I’m a serious lawyer for clients with significant cases. The relationship between an attorney and client is one of trust. Let me tell you about me, so you can determine if I’m the right attorney you can trust with your case. On the other hand, please believe me if I think I cannot take your case.
The basics: I went to NYU School of Law, where I was a member of The NYU Law Review. I’m a graduate of Northwestern University, where I studied history and creative writing. Before law school, I worked with autistic children and with the City’s Administration for Children’s Services. I worked at two large firms – one private and one public – before starting my firm. You can click here to get more information about my legal career.
I don’t always do things the way that every lawyer does. I find creativity matters. I have found that I get the most satisfaction out of helping people who have had their rights violated or suffered oppression. I feel it is my job to try to make things right. Not every wrong can be righted under the law, but some can.
I am selective about the cases I handle, but I take close cases with unusual facts. I don’t want to take something on just to earn a fee. Those cases do not interest me at all. In some way, I see myself as a journalist, and am interested in situations not only where someone is agrrived, but where it exposes an unseemly underbelly in society. (Recovering adequate compensation for righting that wrong is essential, and I cannot say I take pro bono cases, except as required by New York State. But some cases become “pro bono by default.: I am not one to give up if I am passionate about the cause.)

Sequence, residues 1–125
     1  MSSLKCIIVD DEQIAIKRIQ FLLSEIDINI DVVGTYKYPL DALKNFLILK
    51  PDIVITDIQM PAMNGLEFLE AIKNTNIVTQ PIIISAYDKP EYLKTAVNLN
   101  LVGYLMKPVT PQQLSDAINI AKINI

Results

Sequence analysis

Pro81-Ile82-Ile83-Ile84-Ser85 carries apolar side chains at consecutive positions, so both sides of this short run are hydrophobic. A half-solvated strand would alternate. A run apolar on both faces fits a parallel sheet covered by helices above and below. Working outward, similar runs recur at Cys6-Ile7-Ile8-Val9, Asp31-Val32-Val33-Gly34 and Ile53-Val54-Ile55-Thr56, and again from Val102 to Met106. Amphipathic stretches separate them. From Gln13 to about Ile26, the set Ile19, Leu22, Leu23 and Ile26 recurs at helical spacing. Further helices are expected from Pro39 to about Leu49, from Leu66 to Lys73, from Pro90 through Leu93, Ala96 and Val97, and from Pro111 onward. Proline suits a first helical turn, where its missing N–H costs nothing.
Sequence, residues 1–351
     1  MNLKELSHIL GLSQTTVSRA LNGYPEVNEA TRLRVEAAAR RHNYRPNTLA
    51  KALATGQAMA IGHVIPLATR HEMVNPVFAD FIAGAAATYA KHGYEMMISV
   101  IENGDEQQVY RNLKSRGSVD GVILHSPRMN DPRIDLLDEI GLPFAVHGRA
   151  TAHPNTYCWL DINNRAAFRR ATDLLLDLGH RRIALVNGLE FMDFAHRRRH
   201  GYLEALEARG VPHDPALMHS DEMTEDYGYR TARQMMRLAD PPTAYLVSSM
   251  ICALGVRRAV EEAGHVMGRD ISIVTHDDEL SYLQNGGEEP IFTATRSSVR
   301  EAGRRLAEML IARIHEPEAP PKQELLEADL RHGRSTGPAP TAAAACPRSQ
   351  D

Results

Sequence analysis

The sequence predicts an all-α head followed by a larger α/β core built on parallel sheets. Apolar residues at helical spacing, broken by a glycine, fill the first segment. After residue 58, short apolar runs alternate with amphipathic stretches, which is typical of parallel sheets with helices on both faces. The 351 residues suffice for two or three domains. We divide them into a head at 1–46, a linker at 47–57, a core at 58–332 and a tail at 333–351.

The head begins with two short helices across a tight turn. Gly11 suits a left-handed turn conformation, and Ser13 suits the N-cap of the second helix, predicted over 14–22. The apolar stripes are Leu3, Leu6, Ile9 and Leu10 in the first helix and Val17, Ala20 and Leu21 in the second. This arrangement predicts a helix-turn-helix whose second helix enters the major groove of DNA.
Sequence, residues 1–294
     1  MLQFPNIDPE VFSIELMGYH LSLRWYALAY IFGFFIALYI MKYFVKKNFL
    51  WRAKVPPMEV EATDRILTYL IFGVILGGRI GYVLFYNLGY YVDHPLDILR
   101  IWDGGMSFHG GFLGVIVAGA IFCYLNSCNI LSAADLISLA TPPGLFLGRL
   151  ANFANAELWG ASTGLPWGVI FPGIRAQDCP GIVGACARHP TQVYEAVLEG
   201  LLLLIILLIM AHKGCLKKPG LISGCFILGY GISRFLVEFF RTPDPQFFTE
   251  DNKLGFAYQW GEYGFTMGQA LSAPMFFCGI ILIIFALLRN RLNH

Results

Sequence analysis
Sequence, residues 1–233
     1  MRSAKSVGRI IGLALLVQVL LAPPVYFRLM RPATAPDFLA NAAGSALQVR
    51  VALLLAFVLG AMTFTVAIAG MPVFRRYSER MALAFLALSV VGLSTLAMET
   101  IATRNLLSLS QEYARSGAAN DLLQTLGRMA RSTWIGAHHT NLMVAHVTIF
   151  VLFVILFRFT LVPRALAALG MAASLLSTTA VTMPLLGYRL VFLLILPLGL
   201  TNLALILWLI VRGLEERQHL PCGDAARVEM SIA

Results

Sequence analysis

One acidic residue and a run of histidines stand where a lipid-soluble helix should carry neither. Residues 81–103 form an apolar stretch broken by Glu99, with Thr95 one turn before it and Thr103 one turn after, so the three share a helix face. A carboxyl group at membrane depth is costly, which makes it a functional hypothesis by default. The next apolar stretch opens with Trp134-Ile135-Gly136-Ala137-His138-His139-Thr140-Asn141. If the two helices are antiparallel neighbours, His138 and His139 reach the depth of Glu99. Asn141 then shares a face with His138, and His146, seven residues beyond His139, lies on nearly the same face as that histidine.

In 2015, the profession awarded me a very high rating, “AV Preeminent*” by Martindale-Hubbell, which I’ve held ever since. That same year, I won the right to call myself one of the “Best Lawyers in America.” Since 2012, I’ve been listed as a “SuperLawyer.” What do these “honors” mean? There are over 160,000 lawyers in New York State, and about 6,000 are SuperLawyers. The methodology of these emblems are opaque, but, I think, involve nominations by other lawyers and judges.
I’m proud to have been recognized by the legal profession this way, but I don’t think any client has chosen me because of these recognitions. Please judge my or any attorney’s work by his results and, more important, her dedication before you assume that an officially conferred adjective means anything. I’d rather convince you of who I am, what I’ve done, and what I stand for. I want you to pick me as a lawyer for those reasons, rather than for you to assume honorable mentions are evidence, in themselves, of anything. I’d rather win a fantastic case, honestly.
I limit my practice, proudly representing victims of employment discrimination, or other civil-rights violations (wrongful arrests, wrongful prosecutions, police brutality, aka “excessive force”). I also stand with people who haven’t been paid salary in accordance with federal and state rules. I handle appeals when I believe it is necessary, though I rarely take appeals when I haven’t been the trial lawyer.
Business is a good thing — I’m in business — and so is law enforcement. But neither the corporation nor the cop needs to break the law to achieve its objectives. Some New York City cops are out of control — I sometimes felt as if – at least before the George Floyd protests – that I was the only one who had noticed. I have represented hundreds of individuals against some of the biggest companies and most major law firms, as well as agencies of the City and State of New York.